nondrug detoxification of a group of ambulatory patients with
uncomplicated alcoholism. The treatment consisted of screening and
providing extensive social support during withdrawal. The authors
concluded that nondrug detoxification offers a reduced need for medical
staff, a shortened detoxification period, and no sedative interference
with a patient’s alertness for participating in an alcohol treatment
program.

Several researchers have developed scales for assessing the severity
of the alcohol withdrawal syndrome: the Total Severity Assessment and
Selected Severity Assessment (Gross et al. 1973), the Abstinence Symptom
Evaluation Scale (Knott et al. 1981), and the Clinical Institute
Withdrawal Assessment Scale [CIWA] (Shaw et al. 1981) Originally
developed as research tools for studying treatment efficacy, such scales
are now finding clinical use. Foy et al. (1988) demonstrated that a
modified version of the CIWA can assist in guiding treatment and
predicting patients at risk for severe alcohol withdrawal. Such scales
also may be helpful when monitoring the adequacy of a loading dose of
medication. However, rating procedures are not infallible, and an
occasional patient will have a more severe reaction than the scale
predicts. Rating procedures cannot replace the clinical judgment of
medical staff.

One final point deserves mention. A recent study by Hayashida et al.
(1989) compared outpatient with inpatient detoxification. The research
concluded that outpatient medical detoxification is “an effective, safe,
and low-cost treatment for patients with mild-to-moderate symptoms of
alcohol withdrawal.” However, the data from this study indicate that
inpatient detoxification was more effective than outpatient
detoxification: At the 6-month followup those treated as inpatients
reported significantly greater improvement in their drinking behavior,
despite having been measured as more impaired than the outpatient group
at the time of admission. This point is not emphasized in the report.
Whereas outpatient detoxification may be cheaper for some alcoholics, it
is not clear to what extent serious comorbidities, which may be
undetected outside a hospital setting, may lead to more severe and
expensive problems later.

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Alcohol Withdrawal Syndrome– A Commentary by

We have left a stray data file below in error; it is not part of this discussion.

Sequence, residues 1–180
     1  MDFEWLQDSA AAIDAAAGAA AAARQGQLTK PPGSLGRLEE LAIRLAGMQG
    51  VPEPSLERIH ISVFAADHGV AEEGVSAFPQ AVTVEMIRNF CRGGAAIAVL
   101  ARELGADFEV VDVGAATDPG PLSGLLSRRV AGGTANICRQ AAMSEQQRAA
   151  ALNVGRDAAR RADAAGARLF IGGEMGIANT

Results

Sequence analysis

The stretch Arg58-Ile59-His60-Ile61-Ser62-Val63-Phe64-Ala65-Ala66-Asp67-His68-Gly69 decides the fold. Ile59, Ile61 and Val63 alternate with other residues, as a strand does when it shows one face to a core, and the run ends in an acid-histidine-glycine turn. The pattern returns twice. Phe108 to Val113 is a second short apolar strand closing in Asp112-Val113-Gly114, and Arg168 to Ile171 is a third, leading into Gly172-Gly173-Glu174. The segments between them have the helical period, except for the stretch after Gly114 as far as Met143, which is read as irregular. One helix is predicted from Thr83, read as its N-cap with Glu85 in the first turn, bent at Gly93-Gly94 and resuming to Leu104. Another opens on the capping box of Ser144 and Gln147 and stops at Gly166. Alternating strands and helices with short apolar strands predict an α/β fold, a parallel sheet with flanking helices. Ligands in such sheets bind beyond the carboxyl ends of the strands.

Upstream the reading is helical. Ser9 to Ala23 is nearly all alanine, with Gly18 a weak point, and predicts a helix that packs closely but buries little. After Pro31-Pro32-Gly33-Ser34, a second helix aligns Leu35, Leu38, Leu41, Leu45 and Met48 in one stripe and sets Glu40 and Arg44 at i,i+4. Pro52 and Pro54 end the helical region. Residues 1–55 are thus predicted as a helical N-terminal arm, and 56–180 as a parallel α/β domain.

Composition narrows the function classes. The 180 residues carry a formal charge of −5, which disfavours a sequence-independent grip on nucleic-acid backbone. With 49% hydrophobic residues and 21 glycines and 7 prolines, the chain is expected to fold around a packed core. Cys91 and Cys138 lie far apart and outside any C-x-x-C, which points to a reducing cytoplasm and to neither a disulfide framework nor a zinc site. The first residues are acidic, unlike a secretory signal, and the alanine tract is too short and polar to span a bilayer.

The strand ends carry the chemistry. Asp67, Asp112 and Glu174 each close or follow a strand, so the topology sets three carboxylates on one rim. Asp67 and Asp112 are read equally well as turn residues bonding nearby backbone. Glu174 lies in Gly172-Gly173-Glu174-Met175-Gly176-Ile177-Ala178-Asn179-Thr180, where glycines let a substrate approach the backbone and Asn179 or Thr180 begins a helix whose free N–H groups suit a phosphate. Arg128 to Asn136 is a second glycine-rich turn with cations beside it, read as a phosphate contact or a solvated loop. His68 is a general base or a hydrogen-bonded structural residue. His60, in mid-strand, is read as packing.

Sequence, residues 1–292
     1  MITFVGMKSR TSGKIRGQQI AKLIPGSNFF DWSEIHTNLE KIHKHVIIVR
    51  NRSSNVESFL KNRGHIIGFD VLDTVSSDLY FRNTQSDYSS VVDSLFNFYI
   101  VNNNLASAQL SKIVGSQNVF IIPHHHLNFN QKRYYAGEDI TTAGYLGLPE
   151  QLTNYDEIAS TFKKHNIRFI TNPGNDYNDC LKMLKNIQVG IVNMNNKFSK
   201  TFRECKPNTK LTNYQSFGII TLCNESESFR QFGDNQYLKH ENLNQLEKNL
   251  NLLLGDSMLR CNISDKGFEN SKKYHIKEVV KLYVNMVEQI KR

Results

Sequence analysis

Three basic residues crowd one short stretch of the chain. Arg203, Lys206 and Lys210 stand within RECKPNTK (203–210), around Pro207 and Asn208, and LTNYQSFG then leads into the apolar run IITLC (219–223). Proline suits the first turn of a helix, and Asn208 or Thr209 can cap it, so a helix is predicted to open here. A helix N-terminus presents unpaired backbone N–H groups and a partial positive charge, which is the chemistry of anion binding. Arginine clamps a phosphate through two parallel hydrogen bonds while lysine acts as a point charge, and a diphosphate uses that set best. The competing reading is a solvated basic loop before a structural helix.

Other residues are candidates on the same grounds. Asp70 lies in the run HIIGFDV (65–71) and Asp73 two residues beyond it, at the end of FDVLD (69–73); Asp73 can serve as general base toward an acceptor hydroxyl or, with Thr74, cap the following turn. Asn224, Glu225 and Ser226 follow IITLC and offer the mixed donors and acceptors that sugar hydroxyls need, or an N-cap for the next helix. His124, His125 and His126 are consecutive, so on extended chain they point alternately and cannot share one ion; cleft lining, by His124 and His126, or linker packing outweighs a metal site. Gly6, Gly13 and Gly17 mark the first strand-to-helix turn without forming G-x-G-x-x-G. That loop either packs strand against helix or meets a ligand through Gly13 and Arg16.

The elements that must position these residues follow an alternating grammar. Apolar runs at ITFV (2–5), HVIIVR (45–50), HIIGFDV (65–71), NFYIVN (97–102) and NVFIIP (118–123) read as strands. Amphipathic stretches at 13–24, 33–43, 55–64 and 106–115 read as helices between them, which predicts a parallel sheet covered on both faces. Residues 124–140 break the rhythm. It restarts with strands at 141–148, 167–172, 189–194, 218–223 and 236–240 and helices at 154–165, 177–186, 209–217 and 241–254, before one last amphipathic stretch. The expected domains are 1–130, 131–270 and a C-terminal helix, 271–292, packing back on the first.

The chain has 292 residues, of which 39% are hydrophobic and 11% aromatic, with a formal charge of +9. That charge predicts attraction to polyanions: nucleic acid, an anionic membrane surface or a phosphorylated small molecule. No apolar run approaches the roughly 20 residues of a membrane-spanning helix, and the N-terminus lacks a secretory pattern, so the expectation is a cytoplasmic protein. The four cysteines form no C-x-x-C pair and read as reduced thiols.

NIAAA Director Enoch Gordis, M.D.

A variety of techniques exist for managing alcohol withdrawal, some
that involve pharmacotherapy with sedatives and some that do not. Based
on current literature, it appears that it is probably safe to treat mild
withdrawal without drugs. However, research on treating alcohol
withdrawal is just beginning to accumulate. Recent research findings show
a potential for central nervous system damage to patients who experience
repeated withdrawals and suggest that all patients exhibiting alcohol
withdrawal symptoms receive pharmacotherapy. As evidence increases, it
may well be that pharmacotherapy becomes the recommended choice in all
withdrawal cases. Therefore, it is vital that clinicians keep abreast of
the literature to ensure that their patients receive the most up-to-date
care.

When using sedatives to treat alcohol withdrawal, understanding the
relative advantages and disadvantages of different drug administration
techniques is important. Administering an initial dose of a long-acting
benzodiazepine, like diazepam, with repeated doses every 2 hours until
symptoms subside, then stopping the drug, simplifies treatment and frees
patients and staff to focus on the recovery process, not drug dosage
schedules. However, this method could cause problems if sedation is found
to complicate an existing medical condition, such as chronic obstructive
pulmonary disease, because the drugs, or their metabolites, remain in the
body for several days. On the other hand, by giving repeated doses of a
short-acting benzodiazepine (e.g., oxazepam), probably for several days,
if complications to medical conditions are found, the drugs can be easily
stopped due to their rapid elimination by the body. But this regimen is
less easily managed because medication must be given around the clock,
and it could result in the patient and staff attending to the drug-taking
regimen rather than to recovery.

In deciding which drug administration technique to use for individual
patients, there is no substitute for a thorough medical evaluation. There
is a welcome trend toward using the CIWA and other clinical scales for
measuring withdrawal syndrome severity and for guiding drug treatment
decisions; their use should be encouraged. However, no scaling instrument
is infallible. Withdrawal severity scales should be used to complement,
not replace, a thorough clinical evaluation of the patient’s medical
status.

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NOTE: The following ERRATA appeared in Alcohol Alert
No. 8. It is shown here for clarity.

ERRATA: Dr. M. Hayashida has notified NIAAA that
Alcohol Alert No. 5, entitled “Alcohol Withdrawal Syndrome,” contained
incorrect information about his study comparing the effectiveness and
costs of inpatient and outpatient detoxification (Hayashida, M.;
Alterman, A.; McLellan, A.; et al. Comparative effectiveness and costs of
inpatient and outpatient detoxification of patients with mild-to-moderate
alcohol withdrawal syndrome. New England Journal of Medicine 320(6):
358-365,1989)
. The last paragraph of the Alert erroneously reported
that data from the study provide evidence that inpatient detoxification
was more effective than outpatient detoxification. However, an accurate
interpretation of the study would have suggested that some significant
differences were noted between the two groups at a 1-month followup,
favoring inpatient detoxification (a group that was more impaired by some
drinking measures at admission), but that no differences were observed at
a 6-month followup.

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U.S. DEPARTMENT OF HEALTH AND HUMAN SERVICES

Public Health Service * National Institutes of Health